© Toradex Embedded | January 29, 2013

A New Architecture for Embedded Computing

There has been dramatic growth in products using ARM processors, driven most recently by the expanding smartphone and tablet markets.
ARM based solutions are appearing in areas previously reserved for high power x86 based solutions. At the same time, the likes of Intel and AMD are trying to increase power efficiency in their x86 products in order to compete in areas previously dominated by ARM. In the midst of this, Toradex is unveiling a new, independent, computer on module architecture called Apalis.

The integration of new interfaces in recent years - including powerful 3D Graphics Engines, PCI-Express, Gigabit Ethernet and HDMI - has enabled ARM devices to enter application areas like digital signage and high-end multimedia. These are areas which were previously reserved for higher power x86 platforms. Toradex conducted research into many technologies whilst designing the Apalis module, aiming to future proof the product family and allow support for a range of System on Chips (SoCs).

The Apalis is designed to fulfil four objectives – flexibility, usability, extensibility and longevity. The numerous features include a range of interface options and pre-installed operating systems - Windows Embedded Compact or Linux.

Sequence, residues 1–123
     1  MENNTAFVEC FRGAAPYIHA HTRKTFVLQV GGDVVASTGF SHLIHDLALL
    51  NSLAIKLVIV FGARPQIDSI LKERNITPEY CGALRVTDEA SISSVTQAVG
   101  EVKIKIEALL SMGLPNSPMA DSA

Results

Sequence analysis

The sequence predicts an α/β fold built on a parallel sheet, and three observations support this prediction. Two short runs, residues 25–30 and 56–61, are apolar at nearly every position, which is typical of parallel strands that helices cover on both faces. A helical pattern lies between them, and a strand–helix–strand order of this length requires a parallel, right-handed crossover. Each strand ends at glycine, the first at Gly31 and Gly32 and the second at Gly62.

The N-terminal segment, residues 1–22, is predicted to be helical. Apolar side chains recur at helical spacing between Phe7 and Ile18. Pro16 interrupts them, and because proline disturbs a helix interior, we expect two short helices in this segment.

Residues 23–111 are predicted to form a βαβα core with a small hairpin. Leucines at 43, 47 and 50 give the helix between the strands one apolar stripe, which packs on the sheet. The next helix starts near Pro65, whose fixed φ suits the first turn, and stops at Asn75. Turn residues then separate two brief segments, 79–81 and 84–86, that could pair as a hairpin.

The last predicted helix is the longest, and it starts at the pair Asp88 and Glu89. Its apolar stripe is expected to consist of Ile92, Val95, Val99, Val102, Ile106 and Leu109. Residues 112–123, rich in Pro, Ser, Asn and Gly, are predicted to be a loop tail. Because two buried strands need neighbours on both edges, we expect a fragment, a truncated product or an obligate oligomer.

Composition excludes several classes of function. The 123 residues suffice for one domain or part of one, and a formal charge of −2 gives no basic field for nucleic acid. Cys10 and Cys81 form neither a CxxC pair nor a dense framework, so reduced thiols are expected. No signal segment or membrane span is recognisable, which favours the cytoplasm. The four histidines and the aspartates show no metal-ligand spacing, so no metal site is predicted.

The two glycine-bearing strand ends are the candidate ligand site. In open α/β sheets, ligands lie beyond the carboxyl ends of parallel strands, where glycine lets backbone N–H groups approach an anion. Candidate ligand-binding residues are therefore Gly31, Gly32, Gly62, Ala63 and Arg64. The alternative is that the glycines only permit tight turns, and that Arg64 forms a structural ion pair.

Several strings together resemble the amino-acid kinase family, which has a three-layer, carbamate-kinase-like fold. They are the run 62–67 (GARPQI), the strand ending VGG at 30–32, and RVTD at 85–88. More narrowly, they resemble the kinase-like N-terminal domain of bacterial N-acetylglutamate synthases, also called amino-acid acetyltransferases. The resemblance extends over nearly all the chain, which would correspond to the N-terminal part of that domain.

Interfaces on Apalis modules are divided into two categories: standard and type specific. Standard interfaces are the ones most commonly used. These are kept entirely compatible between all modules in the emerging Apalis family. This feature enables a price and performance optimised product with room to increase processing power and storage in the future. Type-specific interfaces such as MIPI CSI or DSI can be valuable additions, but are less commonly used in industrial applications, and usually suffer from very short product life spans in the mobile and consumer markets.

Toradex believes that Apalis computer modules are leading the way in a new generation of smart, Internet enabled devices. The modules provide access to cloud based services and come with a wealth of development tools and continually evolving features.

Integration into custom carrier boards is made easy by Toradex’s Direct Breakout technology. Direct Breakout enables signal routing direct from module connector to outside world I/O ports without crossing traces or traversing layers. The Apalis module can be fixed to a carrier board either with M3 screws or a MXM Snaplock connector. The MXM Snaplock option provides a simple retention mechanism for the development phase or in gentler conditions.

The Apalis T30 module will begin shipping in March 2013.
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